An­tonella Gam­botto-Burke

The Weekend Australian - Review - - Books -

But­ter­fly Pol­i­tics By Catharine A. MacKin­non Belk­nap Press, 504pp, $69.99 (HB)

The com­plex, volatile so­cio­cul­tural in­ter­play of sex and power is the le­gal ter­ri­tory Amer­i­can law pro­fes­sor and writer Catharine MacKin­non prefers. MacKin­non — rad­i­cal, pas­sion­ate, in­cor­rupt­ible and a beau­ti­ful lit­er­ary stylist — has al­ways fought “the lie of women’s nat­u­ral in­fe­ri­or­ity to men and men’s nat­u­ral su­pe­ri­or­ity to women”.

This ide­o­log­i­cal brawl is not limited to the court­room. But­ter­fly Pol­i­tics, her 13th book, is a dev­as­tat­ing salvo fired in the gen­der wars.

A fierce and lu­cid an­thol­ogy of es­says on sub­jects rang­ing from tor­ture to pornog­ra­phy, this book has a sin­gle over­rid­ing aim: to ef­fect global change in the pur­suit of equal­ity. The ti­tle was in­spired by Ed­ward Nor­ton Lorenz’s 1972 ref­er­ence to the im­pact of a but­ter­fly’s wings on the weather. Or as MacKin­non puts it, how “small hu­man in­ter­ven­tion in an un­sta­ble po­lit­i­cal sys­tem can sooner or later have large com­plex re­ver­ber­a­tions’’.

Many of the pieces, writ­ten over a 40-year pe­riod, are re­spon­si­ble for in­tro­duc­ing con­cepts that are now fa­mil­iar, if not es­tab­lished. In par­tic­u­lar, MacKin­non’s stun­ning le­gal vic­tory in re­fram­ing rape as a genocidal weapon.

Others, such as her anal­y­sis of pros­ti­tu­tion, are cat­a­lysts for changes that are tak­ing place. The Swedish model of pros­ti­tu­tion, for ex­am­ple, which “de­crim­i­nalises people sold in pros­ti­tu­tion and crim­i­nalises sell­ers and, most dis­tinc­tively, buy­ers’’.

Chang­ing the le­gal def­i­ni­tion of rape, which re­mains “in­ter­na­tion­ally pred­i­cated on co­er­cion, with con­sent so ir­rel­e­vant as not to re­quire men­tion”, is a frus­tra­tion, but MacKin­non’s tri­umphs — among them her con­tri­bu­tion to the de­vel­op­ment of the now ac­cepted in­ter­na­tional con­cept of “gen­der crime” — are sig­nif­i­cant.

The el­dest child and only girl of three, MacKin­non is the daugh­ter of Ge­orge E. MacKin­non, a tough, con­ge­nial, well-re­garded lawyer, con­gress­man and judge on the US Court of Ap­peals for the DC Cir­cuit. Raised on the un­der­stand­ing that so­cial change piv­ots on le­gal re­form, she quickly un­der­stood the law “is words in power; it is writ­ten by power. Its power is not un­lim­ited but it is real.”

She be­came a lawyer be­cause she wanted to change the world for women.

She calls on lawyers to live “a mean­ing­ful life in the law, one that sus­tains you” rather than ca­pit­u­lat­ing to pow­er­ful fi­nan­cial in­cen­tives to con­form. “Hold on to your vi­sion, hold on to your voice … Most lawyers do not go near enough or far enough.”

The prac­tice of cor­po­rate law would have made MacKin­non a wealthy woman. In­stead, she has ded­i­cated her life to ex­pos­ing the in­iq­ui­ties and ide­o­log­i­cal bar­bar­ity to which we, as a cul­ture, have become de­sen­si­tised. De­spite the fact that the world is half fe­male, girls and women are bat­tered, raped, sex­u­ally and emo­tion­ally abused, pros­ti­tuted and “in­creas- in­gly live porno­graphic lives in con­texts sat­u­rated more or less with pornog­ra­phy”. Women do two-thirds of the world’s work, earn one-10th of its in­come, and own less than one-100th of its prop­erty. In­deed they are more likely to be prop­erty than to own any, and have not been per­mit­ted to vote un­til very re­cently — and even then not in all coun­tries.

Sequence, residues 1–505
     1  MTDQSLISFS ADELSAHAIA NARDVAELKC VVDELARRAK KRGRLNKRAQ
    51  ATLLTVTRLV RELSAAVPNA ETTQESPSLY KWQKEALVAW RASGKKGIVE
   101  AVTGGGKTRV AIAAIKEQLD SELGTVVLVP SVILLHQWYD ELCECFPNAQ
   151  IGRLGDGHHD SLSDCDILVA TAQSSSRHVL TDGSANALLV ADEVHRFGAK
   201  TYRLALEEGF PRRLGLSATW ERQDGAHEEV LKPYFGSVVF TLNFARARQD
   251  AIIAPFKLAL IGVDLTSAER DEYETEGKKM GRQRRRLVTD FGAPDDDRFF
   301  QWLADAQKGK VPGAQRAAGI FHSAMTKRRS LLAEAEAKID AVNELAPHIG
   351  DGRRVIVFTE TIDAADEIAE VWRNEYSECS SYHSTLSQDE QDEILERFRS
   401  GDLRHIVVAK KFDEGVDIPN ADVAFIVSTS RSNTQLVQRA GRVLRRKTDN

Im­prob­a­bly, all these out­rages are nur­tured by the law.

MacKin­non writes that the sub­or­di­na­tion of women to men is not only so­cially and legally in­sti­tu­tion­alised but “cu­mu­la­tively and sys­tem­at­i­cally de­prives women of hu­man dig­nity, re­spect, re­sources, phys­i­cal se­cu­rity, cred­i­bil­ity, full mem­ber­ship in our com­mu­ni­ties, speech, and power”.

This, she em­pha­sises, is an em­pir­i­cal de­scrip­tion of a war against women. It is not a philo­soph­i­cal cat­e­gory, a con­struct, an ab­stract anal­y­sis, or any kind of uni­ver­sal essence. It de­scribes a di­verse and per­verse con­crete re­al­ity of so­cial prac­tices and so­cial mean­ings, such that … to be a woman ‘‘is not yet a name for a way of be­ing hu­man’’.

Rape is the crys­talli­sa­tion of this phi­los­o­phy. Founded on the idea that “power takes a male form, specif­i­cally a white one” and that, con­comi­tantly, pow­er­less­ness is fe­male, the law re­quires ex­ten­sive re­vi­sion. MacKin­non asks: where women are chat­tel or have only re­cently legally emerged from the con­di­tion of be­ing chat­tel, “what can rape mean?” If women ex­ist to be sex­u­ally used, to what sex­ual use of them are men not en­ti­tled?

The ABC has re­ported that sex­ual as­sault is one of the most dif­fi­cult of­fences to pros­e­cute in Aus­tralia, where some 85 per cent of of­fences are un­re­ported. Thirty-eight per cent of cases are with­drawn, pri­mar­ily due to the vic­tim’s re­luc­tance to pro­ceed.

Why? As MacKin­non points out, pro­tracted court pro­cesses and the com­pound­ing of trauma through sadis­tic cross-ex­am­i­na­tion tech­niques are or­deals most vic­tims can­not en­dure. Bri­tish vi­olin­ist Frances An­drade, for ex­am­ple, was 48 at the time of the 2013 case she brought against her for­mer teacher and his ex-wife. In court, Kate Blackwell QC branded her a “liar and fan­ta­sist”. “This feels like rape all over again,” An­drade told the court. She com­mit­ted sui­cide a week af­ter giv­ing ev­i­dence.

Le­gal scholar and au­thor Catharine A. MacKin­non

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